When you were twelve, did you know what you wanted to become when grown? A few days ago, I started going through a closet full of photos and old papers from years ago with the idea of getting rid of some of it and organizing the rest.
After days of sorting and tossing, I discovered an autobiography I had written. It was an assignment which my seventh grade teacher, Miss Galbraith, gave us students several months to complete, and told us our success or failure carried with it a large part of our overall grade for the year and was due in the spring. No pressure there!
I remember being perplexed about how to begin, since my life had started out so different from the other children in my class. A large part of my early years were spent in foster care and later being adopted, so I didn’t have the usual baby pictures and mother and father photos for Illustration. I had to start somewhere, however, so I began with explaining I was adopted and I wrote about my last foster home, adoption, and a couple foster children who came to live with us later.
I wrote about my church and singing in the various choirs through the years, and about my friends, and about school. In sixth grade, a couple of my poems were published in the school newspaper. It’s strange to me that I still remember writing them and I can still recite them at the age of seventy-two. I mean, gads, that was a loooong time ago! Why do we remember such things? Here’s one:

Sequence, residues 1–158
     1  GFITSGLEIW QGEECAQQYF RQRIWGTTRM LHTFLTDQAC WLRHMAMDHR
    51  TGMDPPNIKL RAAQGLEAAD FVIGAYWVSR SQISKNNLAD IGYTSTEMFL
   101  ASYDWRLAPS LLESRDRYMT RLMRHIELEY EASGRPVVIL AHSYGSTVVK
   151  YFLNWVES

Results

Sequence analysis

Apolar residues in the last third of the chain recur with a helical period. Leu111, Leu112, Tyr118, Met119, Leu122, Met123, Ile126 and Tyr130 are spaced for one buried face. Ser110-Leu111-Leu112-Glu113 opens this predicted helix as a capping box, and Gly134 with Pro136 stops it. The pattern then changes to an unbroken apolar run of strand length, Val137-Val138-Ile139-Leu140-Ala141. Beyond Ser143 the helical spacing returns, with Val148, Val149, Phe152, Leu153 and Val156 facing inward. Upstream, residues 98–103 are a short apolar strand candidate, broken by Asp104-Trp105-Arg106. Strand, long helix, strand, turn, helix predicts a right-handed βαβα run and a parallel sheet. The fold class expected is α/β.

I am a little flake of snow,
Falling from the sky;
I bounce and toss and whirl away.
Such fun – oh me! oh my!
I gently touch the treetops tall,
And scamper here and there;
I rustle on the window pane,
With not a thought or care.
And when at last I reach the ground,
And join the other flakes of snow;
We play a game of hide and seek
With piercing winter winds that blow.
I wrote about how my leisure time was spent and about vacation trips to the western states, Canada and Florida that I’d taken with my parents and suddenly, it was spring and my autobiography was soon due.
In trying to write the last chapter, I found myself in a real quandary. I originally wanted to title it, “My Future,” but I had no idea what that would be. What I did write is as follows:
“…I do think putting down a lot of facts and reading them over has helped me to realize that there really is to be a future and what it is like will depend a lot on how I shape it. My mother and father say there are many things I might do and have explained to me that most of the professional fields require a lot of work and training. They have suggested I might want to do something in dramatics or music, because I like to entertain people. I think maybe I may want to be a writer, because that would be another way to make people happy.”
As I ponder the words of my autobiography, written so many years ago, I’m surprised. Dumbfounded, actually. I don’t remember them. I thought my desire to write came from the search and subsequent discovery of my sister’s whereabouts much later in my life. What a revelation! That writing seed was planted when I was twelve, not during my fifty year search.
How about you? Have you discovered something really significant about yourself many years later that was buried in your subconscious? I’d love to hear about it.